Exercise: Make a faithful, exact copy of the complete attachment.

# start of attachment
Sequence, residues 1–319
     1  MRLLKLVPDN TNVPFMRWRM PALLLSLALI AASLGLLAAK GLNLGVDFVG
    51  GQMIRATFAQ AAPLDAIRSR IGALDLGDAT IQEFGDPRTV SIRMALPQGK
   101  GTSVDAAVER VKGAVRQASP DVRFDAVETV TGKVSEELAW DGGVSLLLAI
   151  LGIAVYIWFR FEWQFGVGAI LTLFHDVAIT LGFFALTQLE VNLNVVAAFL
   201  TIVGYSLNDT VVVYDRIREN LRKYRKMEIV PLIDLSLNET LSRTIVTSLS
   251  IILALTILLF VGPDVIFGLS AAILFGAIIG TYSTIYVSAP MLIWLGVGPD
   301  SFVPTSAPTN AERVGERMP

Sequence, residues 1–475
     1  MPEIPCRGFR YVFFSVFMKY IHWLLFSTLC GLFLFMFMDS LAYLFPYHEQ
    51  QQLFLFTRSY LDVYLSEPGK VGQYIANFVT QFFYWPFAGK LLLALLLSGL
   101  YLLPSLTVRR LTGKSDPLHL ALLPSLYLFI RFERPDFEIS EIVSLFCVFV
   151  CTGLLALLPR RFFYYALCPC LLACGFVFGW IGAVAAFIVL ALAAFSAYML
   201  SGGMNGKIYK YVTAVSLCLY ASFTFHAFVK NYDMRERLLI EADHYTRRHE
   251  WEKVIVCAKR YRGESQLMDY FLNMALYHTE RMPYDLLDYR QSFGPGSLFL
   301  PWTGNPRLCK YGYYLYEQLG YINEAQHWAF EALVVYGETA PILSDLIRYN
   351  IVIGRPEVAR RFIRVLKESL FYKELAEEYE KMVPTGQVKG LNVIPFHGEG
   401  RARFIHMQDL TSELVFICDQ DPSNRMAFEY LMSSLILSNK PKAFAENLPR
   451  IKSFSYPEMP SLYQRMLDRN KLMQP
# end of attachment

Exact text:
Sequence, residues 1–319
     1  MRLLKLVPDN TNVPFMRWRM PALLLSLALI AASLGLLAAK GLNLGVDFVG
    51  GQMIRATFAQ AAPLDAIRSR IGALDLGDAT IQEFGDPRTV SIRMALPQGK
   101  GTSVDAAVER VKGAVRQASP DVRFDAVETV TGKVSEELAW DGGVSLLLAI
   151  LGIAVYIWFR FEWQFGVGAI LTLFHDVAIT LGFFALTQLE VNLNVVAAFL
   201  TIVGYSLNDT VVVYDRIREN LRKYRKMEIV PLIDLSLNET LSRTIVTSLS
   251  IILALTILLF VGPDVIFGLS AAILFGAIIG TYSTIYVSAP MLIWLGVGPD
   301  SFVPTSAPTN AERVGERMP

Sequence, residues 1–475
     1  MPEIPCRGFR YVFFSVFMKY IHWLLFSTLC GLFLFMFMDS LAYLFPYHEQ
    51  QQLFLFTRSY LDVYLSEPGK VGQYIANFVT QFFYWPFAGK LLLALLLSGL
   101  YLLPSLTVRR LTGKSDPLHL ALLPSLYLFI RFERPDFEIS EIVSLFCVFV
   151  CTGLLALLPR RFFYYALCPC LLACGFVFGW IGAVAAFIVL ALAAFSAYML
   201  SGGMNGKIYK YVTAVSLCLY ASFTFHAFVK NYDMRERLLI EADHYTRRHE
   251  WEKVIVCAKR YRGESQLMDY FLNMALYHTE RMPYDLLDYR QSFGPGSLFL
   301  PWTGNPRLCK YGYYLYEQLG YINEAQHWAF EALVVYGETA PILSDLIRYN
   351  IVIGRPEVAR RFIRVLKESL FYKELAEEYE KMVPTGQVKG LNVIPFHGEG
   401  RARFIHMQDL TSELVFICDQ DPSNRMAFEY LMSSLILSNK PKAFAENLPR
   451  IKSFSYPEMP SLYQRMLDRN KLMQP